Today we’d like to introduce you to Maud Simmons.
Hi Maud, so excited to have you with us today. What can you tell us about your story?
I’m a painter and have been my whole life. Attended RISD in the ’70s and then moved to L.A. after school. I’ve probably done every kind of painting job you can imagine, including billboard painting, murals, commission work, teaching, textile design, portraiture (both human and animal), all the while keeping up my personal practice, which has always been my main focus and continues to grow.
Would you say it’s been a smooth road, and if not what are some of the biggest challenges you’ve faced along the way?
It’s been wildly challenging. I had to deal with my alcoholism, and have been sober for 33 years now, (welcome to AA). I’ve had financial problems (welcome to the art world), and emotional problems (welcome to therapy). Somehow I always painted though, no matter what. I’d probably be dead without it.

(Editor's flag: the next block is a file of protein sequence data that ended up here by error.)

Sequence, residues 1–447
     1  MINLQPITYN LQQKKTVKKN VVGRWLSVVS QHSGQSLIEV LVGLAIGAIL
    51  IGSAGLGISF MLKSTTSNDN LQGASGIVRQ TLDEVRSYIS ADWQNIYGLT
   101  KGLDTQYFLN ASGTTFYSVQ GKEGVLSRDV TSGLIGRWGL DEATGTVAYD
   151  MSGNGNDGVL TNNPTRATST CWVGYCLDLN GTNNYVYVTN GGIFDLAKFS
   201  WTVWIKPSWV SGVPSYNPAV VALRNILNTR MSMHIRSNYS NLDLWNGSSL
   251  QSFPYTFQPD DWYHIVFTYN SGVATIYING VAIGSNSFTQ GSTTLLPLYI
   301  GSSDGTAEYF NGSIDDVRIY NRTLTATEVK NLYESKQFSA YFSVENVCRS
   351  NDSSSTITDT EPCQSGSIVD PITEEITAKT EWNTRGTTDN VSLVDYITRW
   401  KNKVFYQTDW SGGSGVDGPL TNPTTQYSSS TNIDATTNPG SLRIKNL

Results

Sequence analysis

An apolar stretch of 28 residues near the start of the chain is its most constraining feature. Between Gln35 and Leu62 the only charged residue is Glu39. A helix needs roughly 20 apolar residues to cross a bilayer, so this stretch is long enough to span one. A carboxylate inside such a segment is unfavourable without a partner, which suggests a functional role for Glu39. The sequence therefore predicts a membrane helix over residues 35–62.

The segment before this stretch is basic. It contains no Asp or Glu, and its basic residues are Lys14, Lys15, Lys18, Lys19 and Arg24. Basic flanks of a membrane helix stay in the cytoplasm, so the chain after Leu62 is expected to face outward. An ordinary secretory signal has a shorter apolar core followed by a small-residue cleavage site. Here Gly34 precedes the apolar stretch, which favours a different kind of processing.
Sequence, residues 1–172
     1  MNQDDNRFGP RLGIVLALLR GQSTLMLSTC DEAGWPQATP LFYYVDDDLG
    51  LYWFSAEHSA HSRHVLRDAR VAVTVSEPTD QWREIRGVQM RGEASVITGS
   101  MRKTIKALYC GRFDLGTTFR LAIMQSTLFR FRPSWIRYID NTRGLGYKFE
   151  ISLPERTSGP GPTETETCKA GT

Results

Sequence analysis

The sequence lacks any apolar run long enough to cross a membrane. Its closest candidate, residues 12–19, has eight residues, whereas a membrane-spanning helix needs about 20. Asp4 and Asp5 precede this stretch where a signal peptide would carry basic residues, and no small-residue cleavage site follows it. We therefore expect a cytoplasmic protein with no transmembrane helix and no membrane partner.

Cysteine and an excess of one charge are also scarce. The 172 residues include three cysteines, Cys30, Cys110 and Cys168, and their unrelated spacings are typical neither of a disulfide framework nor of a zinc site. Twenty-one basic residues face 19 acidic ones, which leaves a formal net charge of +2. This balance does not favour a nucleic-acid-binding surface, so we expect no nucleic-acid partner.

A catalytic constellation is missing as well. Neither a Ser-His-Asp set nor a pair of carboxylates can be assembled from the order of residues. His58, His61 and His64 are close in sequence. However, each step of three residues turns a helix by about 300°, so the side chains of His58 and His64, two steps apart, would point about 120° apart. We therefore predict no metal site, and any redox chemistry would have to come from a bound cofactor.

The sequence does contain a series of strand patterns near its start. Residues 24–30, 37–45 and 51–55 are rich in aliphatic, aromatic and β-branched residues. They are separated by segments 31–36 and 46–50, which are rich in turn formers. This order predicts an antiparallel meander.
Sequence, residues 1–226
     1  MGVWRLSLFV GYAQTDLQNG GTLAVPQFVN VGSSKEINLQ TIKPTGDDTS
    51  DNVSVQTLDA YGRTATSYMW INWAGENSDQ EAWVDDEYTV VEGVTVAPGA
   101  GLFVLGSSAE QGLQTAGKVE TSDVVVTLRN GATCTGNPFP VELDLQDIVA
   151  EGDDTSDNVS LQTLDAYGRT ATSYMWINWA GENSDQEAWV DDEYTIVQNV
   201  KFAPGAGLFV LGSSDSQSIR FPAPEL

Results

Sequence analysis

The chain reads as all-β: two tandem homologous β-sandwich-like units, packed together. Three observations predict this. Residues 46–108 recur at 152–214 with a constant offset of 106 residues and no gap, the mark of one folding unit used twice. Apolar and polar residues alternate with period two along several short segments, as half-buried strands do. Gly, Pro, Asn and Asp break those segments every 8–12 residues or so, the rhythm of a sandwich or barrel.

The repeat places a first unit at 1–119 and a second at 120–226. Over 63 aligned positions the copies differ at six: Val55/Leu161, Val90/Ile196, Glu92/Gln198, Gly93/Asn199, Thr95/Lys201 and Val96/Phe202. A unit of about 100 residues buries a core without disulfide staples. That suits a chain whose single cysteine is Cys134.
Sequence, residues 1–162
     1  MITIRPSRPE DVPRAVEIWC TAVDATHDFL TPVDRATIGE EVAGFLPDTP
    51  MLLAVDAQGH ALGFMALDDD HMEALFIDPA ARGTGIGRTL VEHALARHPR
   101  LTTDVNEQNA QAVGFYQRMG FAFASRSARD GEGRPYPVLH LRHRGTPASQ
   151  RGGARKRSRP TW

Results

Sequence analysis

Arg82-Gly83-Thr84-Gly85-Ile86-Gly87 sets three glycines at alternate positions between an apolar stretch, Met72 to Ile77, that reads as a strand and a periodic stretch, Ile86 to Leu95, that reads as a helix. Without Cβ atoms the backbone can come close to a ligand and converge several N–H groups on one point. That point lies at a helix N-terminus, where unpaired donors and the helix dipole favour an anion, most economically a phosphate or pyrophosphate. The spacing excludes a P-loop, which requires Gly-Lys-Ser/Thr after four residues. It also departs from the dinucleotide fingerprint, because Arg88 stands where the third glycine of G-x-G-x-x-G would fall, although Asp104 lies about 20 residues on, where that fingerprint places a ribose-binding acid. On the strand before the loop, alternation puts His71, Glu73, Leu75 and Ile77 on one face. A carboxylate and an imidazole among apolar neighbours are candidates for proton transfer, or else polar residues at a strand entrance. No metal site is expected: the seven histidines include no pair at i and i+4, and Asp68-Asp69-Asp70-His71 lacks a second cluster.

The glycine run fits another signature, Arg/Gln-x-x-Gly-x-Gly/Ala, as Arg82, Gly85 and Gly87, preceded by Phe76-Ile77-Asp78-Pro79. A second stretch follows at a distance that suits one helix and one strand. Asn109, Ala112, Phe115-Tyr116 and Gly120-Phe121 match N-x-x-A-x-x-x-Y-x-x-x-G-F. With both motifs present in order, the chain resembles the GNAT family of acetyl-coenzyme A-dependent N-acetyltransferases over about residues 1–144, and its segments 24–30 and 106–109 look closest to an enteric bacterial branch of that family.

As you know, we’re big fans of you and your work. For our readers who might not be as familiar what can you tell them about what you do?
The thing that people always comment about is the variety of painting styles I work in, and the range of imagery I use. There’s the fish period, the fruit and vegetable period, the landscape period, the abstract period, the figurative period, and now the water period. For the last year, I’ve been painting water, starting with abstracted interpretations of William Turner seascapes. He’s one of my heroes for sure. The imagery has evolved into paintings of the surface of the sea, and now I’m about to go underwater. This work is a direct correlative to my meditation practice, as I go deeper and deeper into it, first floating on the choppy surface where all the thoughts roil around, and then slowly diving into waters that are more still and quiet.
Are there any apps, books, podcasts, blogs or other resources you think our readers should check out?
I practice transcendental meditation and tune in to a group meditation twice a day (along with 2,000-3,000 others). This helps with everything. I sleep better, have relief from anxiety, am able to experience a brighter world even when the world looks pretty dark and feels pretty daunting. I always listen to music when I’m painting. Everything from Chet Baker to Al Green. If I have music in my head it clears out a lot of extraneous thought which can be distracting.
- Website: maudsimmons.com
- Instagram: oliveisnumber2
- Facebook: Maud Simmons